I still keep paper research notes. There’s something about the flow of physical writing that pulls the parts of my mind together in a way that typing never could. My primary research record therefore consists of a collection of vaguely color-coordinated composition books. In addition to “Thesis II” and its predecessor, there is a notebook labeled “Miscellaneous” that comes with me to colloquia, group meetings, career advice talks, and all other forms of academic gathering that involve sitting and listening to someone of dubious public-speaking ability. I take some real notes, but they usually devolve into general observations and personal reflection, liberally sprinkled with doodles. On review, I find some of these notes rather entertaining.
A thought during a discussion on the workings of fellowship review committees:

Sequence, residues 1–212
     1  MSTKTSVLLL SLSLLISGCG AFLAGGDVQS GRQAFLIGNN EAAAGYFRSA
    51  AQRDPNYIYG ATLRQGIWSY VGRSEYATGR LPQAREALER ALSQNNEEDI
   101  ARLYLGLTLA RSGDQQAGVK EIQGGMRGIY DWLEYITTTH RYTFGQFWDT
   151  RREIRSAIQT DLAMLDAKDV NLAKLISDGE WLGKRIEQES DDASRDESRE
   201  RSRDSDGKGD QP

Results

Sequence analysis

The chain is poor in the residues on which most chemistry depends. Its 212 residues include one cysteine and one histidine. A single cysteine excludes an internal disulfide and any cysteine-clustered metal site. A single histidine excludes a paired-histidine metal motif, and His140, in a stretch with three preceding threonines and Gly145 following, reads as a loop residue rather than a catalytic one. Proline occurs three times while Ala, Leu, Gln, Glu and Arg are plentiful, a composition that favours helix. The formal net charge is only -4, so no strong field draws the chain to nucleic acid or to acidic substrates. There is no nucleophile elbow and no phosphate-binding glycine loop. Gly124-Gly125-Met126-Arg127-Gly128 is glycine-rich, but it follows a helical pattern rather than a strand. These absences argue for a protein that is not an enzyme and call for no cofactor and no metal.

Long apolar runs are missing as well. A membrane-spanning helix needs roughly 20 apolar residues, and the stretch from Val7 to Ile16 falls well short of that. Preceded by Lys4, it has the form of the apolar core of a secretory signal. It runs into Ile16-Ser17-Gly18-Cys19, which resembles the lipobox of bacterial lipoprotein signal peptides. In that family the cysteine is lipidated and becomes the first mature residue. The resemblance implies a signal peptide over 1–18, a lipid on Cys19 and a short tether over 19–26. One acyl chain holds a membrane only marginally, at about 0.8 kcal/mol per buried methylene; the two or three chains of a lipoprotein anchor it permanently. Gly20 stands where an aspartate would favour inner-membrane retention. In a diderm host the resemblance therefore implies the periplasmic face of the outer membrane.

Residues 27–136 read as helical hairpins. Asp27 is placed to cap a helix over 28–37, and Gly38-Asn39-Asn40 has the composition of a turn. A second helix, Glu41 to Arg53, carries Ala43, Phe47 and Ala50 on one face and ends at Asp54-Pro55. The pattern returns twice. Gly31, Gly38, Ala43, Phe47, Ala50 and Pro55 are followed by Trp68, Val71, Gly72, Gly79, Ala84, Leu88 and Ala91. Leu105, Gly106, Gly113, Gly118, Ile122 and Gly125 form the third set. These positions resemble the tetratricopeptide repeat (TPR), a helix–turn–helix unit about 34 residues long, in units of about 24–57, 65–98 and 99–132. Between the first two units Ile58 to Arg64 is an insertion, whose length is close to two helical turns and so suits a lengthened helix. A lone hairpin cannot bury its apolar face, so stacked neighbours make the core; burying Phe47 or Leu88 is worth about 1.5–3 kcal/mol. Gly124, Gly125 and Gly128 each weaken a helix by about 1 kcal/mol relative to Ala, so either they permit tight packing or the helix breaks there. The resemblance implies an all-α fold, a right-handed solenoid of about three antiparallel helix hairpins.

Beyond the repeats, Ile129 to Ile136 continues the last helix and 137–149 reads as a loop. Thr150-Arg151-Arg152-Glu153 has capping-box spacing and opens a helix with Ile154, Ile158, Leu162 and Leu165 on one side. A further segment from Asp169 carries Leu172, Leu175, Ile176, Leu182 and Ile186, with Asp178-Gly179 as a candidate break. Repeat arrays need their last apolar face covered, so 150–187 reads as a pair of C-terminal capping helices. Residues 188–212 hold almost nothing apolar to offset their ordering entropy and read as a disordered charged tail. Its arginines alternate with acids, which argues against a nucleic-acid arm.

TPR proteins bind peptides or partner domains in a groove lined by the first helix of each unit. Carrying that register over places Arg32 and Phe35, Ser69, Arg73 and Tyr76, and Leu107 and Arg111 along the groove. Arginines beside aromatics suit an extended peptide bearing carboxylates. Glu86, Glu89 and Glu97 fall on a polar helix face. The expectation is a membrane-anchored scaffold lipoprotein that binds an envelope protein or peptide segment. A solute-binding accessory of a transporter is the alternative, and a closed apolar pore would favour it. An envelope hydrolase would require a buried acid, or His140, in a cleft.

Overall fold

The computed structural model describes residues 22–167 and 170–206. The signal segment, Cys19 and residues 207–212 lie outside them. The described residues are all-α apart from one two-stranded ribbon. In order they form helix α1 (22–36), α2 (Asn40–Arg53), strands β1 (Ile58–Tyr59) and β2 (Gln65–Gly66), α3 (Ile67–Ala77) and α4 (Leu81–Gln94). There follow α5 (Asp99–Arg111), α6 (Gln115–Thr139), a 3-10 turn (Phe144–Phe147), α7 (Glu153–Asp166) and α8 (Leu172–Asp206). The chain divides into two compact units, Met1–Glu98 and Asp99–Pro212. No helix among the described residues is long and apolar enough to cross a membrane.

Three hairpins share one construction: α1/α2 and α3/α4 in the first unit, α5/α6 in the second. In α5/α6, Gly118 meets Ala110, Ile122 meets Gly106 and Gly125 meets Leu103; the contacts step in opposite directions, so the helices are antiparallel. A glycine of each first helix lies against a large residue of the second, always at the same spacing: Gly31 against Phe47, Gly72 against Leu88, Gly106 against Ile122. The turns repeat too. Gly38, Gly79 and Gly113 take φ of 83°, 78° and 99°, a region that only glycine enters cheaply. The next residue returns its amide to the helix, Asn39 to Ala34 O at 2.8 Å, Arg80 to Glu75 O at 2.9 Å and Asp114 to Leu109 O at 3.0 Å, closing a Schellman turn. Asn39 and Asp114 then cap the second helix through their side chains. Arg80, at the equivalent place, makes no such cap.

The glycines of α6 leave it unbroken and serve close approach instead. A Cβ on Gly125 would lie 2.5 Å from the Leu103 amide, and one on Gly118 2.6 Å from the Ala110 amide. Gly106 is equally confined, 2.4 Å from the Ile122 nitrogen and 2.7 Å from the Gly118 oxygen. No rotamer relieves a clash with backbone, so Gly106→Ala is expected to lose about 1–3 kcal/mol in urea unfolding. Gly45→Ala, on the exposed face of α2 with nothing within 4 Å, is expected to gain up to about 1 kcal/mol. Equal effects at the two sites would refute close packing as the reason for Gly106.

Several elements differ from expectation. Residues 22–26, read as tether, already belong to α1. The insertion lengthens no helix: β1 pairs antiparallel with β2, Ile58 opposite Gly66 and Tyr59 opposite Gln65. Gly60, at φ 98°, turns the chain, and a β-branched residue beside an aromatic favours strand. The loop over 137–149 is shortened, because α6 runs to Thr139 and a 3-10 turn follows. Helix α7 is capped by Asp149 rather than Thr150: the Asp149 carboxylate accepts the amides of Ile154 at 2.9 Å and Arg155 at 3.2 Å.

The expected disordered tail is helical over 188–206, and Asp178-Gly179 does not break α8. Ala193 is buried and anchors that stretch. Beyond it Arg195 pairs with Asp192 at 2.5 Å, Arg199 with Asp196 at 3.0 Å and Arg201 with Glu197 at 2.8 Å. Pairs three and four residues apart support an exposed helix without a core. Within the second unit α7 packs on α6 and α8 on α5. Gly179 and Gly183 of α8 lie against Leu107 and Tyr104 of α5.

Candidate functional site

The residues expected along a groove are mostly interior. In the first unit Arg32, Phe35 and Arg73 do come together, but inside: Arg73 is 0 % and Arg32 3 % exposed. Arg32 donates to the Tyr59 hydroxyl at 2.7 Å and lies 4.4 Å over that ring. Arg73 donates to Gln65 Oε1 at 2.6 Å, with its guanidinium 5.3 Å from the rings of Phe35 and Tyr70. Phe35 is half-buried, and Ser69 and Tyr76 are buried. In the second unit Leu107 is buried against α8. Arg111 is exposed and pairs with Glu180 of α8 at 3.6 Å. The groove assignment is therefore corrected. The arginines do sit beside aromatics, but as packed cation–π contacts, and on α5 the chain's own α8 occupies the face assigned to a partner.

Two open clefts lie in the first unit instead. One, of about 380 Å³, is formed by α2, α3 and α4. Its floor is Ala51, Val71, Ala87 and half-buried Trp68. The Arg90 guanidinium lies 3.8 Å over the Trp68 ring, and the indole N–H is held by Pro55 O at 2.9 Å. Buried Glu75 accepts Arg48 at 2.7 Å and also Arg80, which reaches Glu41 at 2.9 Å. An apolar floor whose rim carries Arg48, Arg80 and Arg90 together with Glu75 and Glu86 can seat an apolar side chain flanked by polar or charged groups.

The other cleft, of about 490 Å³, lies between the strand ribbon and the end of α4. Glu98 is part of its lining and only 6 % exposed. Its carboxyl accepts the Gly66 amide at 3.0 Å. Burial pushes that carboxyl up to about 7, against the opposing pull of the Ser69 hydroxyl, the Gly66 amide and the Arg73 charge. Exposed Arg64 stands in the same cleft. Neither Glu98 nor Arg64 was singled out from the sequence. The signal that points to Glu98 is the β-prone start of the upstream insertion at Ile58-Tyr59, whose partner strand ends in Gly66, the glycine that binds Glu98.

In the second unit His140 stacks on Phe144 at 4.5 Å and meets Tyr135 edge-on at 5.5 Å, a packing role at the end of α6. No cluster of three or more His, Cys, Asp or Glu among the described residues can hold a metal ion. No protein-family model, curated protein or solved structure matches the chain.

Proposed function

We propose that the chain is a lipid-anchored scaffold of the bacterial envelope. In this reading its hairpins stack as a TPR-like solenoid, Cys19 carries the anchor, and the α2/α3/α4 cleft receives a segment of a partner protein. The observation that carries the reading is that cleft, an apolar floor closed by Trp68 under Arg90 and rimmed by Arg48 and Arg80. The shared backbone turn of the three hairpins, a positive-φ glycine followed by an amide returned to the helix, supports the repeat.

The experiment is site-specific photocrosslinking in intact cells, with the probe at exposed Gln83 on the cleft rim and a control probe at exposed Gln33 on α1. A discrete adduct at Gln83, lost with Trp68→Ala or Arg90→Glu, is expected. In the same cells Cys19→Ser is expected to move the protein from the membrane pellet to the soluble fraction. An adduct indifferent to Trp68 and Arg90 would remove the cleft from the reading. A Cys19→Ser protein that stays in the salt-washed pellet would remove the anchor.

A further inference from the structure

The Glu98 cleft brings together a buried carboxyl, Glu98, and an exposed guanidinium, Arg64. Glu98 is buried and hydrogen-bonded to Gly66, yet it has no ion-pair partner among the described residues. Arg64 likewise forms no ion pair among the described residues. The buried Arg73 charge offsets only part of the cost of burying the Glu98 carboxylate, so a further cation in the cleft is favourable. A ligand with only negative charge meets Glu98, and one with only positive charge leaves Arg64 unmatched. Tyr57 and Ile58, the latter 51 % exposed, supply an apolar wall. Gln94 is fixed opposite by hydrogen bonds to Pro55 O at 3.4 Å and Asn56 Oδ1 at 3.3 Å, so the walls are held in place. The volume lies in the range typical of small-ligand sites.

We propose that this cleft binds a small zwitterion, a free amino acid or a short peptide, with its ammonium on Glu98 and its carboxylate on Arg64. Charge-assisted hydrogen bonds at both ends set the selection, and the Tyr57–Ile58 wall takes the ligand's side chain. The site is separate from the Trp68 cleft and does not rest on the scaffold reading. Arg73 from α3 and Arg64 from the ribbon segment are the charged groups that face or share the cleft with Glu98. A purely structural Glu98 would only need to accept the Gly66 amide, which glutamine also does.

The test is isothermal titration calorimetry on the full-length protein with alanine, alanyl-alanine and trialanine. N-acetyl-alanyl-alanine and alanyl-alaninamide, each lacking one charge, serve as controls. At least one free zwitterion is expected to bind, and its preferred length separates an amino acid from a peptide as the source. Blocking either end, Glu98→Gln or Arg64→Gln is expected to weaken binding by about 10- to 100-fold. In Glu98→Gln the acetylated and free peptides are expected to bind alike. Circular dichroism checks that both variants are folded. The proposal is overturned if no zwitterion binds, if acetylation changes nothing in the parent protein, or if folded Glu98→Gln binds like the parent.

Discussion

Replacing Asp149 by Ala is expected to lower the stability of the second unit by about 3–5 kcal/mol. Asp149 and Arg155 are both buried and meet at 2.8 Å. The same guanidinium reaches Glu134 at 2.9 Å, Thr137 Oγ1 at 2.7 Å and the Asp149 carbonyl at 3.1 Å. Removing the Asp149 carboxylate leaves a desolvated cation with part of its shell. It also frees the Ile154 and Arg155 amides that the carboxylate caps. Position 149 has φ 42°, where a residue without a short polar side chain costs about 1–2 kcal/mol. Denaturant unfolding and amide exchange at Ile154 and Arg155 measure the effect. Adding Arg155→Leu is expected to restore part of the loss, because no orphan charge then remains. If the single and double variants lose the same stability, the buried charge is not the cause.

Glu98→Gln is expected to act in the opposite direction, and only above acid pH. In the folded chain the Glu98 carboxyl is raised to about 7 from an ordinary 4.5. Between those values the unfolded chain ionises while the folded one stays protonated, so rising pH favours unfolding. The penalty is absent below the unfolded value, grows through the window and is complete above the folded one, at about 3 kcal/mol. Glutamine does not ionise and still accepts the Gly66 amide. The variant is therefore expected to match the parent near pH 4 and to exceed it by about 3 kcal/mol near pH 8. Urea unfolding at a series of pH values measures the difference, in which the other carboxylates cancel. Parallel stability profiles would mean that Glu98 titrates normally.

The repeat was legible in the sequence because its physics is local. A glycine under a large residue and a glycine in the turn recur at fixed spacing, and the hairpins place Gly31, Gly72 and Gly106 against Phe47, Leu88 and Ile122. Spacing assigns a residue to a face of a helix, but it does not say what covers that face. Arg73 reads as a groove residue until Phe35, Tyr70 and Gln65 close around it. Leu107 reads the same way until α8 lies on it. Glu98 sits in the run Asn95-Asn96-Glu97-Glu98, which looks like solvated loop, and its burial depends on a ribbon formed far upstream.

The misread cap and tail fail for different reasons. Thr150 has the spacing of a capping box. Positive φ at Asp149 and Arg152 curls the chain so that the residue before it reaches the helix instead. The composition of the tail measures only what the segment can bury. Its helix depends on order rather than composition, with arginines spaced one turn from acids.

So what you’re telling me is, do something obscure but cool-sounding and write a very convincing and well-written proposal, so that committee is wowed but really has no idea whether you’re right.
That Diet Coke wasn’t nearly as helpful as I would have liked.
Noticing irrelevant things:
What’s the history of typefaces? Why do some letters look so different from handwritten?
An existential poem:
Why am I here?
Do I want to be the person this is making me into?
Sometimes I think yes.
Sometimes I feel confident, capable, growing.
Sometimes I am proud of myself.
But those times are rare.
Am I selfish to want a multifaceted life?
Maybe I am.
At the end of a particularly boring lecture:
10 more minutes. 10 more minutes. That’s more than a mile’s worth of running. I could be a mile away from here if I started running now.